08.05.2012 09:39 PM
I've been spending some time on Udacity and Coursera, and I'd like to share some of my feedback for the benefit of the forum. I've taken the advanced programming topics and programming languages courses on Udacity, started the cryptography and machine learning courses on Udacity, and the machine learning course on Coursera.
- Professors are consistently clear. Udacity, in particular, has assembled a group of teachers that explain things very well. It's also nice to be able to easily review the videos whenever some things may seem difficult.
- Lots of exercises. Throughout the lectures, you take breaks to answer questions, which helps make the concepts much more concrete.
- Great communicty. Coursera doesn't have quite as robust of one as Udacity. The Udacity forums are full of excited students that are eager to help each other out, show new insights, etc.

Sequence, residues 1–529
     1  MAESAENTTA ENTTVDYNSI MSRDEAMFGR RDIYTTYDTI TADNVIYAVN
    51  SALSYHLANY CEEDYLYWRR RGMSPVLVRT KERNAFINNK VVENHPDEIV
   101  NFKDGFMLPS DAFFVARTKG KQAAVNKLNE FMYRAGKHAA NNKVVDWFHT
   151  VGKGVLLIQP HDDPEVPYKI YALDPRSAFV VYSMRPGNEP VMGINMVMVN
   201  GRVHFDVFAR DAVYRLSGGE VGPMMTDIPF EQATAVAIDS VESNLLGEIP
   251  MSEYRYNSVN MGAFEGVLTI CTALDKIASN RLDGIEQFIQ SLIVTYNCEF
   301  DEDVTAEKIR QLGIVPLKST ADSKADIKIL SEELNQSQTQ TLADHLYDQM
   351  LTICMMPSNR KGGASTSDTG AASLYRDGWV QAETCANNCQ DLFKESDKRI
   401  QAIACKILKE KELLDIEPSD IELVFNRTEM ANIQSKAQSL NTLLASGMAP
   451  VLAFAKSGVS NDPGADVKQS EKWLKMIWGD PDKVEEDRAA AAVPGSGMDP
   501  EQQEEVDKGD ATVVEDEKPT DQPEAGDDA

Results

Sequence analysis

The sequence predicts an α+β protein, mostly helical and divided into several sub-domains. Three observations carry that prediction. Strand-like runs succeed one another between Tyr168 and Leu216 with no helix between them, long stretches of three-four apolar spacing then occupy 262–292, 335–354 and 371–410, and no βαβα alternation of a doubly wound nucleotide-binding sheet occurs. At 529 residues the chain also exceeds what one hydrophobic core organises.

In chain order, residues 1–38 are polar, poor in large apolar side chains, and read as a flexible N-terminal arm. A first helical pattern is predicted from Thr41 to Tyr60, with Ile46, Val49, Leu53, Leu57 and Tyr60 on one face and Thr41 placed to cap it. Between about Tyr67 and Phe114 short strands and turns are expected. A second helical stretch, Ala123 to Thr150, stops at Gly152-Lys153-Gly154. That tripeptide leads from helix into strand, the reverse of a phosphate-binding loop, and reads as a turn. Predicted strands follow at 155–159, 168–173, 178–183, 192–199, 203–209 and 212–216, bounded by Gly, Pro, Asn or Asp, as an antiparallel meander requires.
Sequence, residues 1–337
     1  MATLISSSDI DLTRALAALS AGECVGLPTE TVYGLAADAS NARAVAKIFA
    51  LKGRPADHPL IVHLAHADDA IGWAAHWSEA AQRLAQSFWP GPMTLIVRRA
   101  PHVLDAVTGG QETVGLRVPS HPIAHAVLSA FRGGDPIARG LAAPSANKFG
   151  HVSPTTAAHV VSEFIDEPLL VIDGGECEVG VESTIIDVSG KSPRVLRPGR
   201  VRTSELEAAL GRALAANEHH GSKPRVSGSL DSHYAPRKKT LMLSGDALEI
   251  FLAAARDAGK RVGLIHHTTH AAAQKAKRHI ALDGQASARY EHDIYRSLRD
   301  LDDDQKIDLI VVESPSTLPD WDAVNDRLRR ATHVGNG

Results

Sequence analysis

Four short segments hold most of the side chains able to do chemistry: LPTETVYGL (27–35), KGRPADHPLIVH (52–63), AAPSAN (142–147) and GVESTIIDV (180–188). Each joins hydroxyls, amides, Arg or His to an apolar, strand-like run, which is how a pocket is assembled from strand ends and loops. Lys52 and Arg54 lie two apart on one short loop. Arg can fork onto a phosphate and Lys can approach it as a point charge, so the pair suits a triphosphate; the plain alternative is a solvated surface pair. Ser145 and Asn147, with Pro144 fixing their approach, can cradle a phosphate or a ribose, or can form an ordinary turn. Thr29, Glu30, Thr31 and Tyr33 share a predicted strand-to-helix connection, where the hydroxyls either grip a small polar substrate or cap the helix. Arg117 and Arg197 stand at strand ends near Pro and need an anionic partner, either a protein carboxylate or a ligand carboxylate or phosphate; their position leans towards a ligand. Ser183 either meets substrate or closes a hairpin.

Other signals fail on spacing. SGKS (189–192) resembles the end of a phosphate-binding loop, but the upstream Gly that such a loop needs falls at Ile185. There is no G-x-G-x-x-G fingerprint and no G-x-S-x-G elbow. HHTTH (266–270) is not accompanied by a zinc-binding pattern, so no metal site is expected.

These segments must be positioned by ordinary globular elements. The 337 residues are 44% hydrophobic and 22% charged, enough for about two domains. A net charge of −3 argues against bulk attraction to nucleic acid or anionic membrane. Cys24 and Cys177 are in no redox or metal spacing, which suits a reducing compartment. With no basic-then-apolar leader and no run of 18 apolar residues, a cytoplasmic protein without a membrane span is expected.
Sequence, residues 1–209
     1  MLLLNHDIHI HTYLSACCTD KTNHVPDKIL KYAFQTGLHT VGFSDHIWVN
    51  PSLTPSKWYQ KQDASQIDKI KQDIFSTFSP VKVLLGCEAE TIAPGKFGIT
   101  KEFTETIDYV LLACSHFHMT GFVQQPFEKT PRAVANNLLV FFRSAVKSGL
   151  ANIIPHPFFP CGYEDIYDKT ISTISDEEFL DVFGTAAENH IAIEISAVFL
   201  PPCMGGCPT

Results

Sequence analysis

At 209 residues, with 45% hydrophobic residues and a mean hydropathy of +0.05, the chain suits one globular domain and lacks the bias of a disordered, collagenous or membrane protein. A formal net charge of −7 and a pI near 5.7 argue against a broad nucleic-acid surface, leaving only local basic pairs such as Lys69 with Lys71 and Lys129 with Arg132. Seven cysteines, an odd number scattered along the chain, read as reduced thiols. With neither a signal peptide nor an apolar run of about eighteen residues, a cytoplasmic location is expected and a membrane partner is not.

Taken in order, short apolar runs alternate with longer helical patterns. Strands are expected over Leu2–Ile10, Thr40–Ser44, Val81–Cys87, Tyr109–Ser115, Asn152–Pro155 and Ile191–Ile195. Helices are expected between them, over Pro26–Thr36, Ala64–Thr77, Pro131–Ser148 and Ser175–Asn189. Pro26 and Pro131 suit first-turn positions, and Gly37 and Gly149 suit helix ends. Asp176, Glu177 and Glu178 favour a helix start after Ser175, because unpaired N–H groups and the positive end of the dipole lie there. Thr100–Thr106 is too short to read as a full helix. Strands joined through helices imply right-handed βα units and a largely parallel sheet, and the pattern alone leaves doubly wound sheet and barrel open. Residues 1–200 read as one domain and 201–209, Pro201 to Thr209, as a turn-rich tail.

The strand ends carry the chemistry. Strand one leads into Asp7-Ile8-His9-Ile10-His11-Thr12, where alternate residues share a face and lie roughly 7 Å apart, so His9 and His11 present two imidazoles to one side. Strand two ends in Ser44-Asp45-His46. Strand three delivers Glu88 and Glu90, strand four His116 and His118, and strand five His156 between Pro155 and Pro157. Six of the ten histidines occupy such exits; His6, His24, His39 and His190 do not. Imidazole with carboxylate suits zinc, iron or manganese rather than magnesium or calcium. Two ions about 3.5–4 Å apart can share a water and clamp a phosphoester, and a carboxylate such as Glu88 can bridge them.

- Not enough depth. This hurts Udacity more than Coursera. The courses I've taken fail to really dive deeply into the concepts. As a result, you'll feel like you've learned some interesting things, but I would be hard-pressed to go into a job interview relying only on the skills I picked up class
- Not enough homework: It's good that the lectures have exercises, but the homework and exams don't provide enough challenge. I've learned that it takes practice, practice, practice to really get down computer science, and the courses I've taken just don't provide enough.
Overall: Udacity and Coursera are good way to explore new concepts and practice your skills, but aren't yet a real replacement for a formal education (especially an undergraduate degree). Given what's coming up on Coursera, though, the sites are showing lots of potential.
In case anyone wants to check out some of these classes, here are the ones I've checked out:
- Khan Academy
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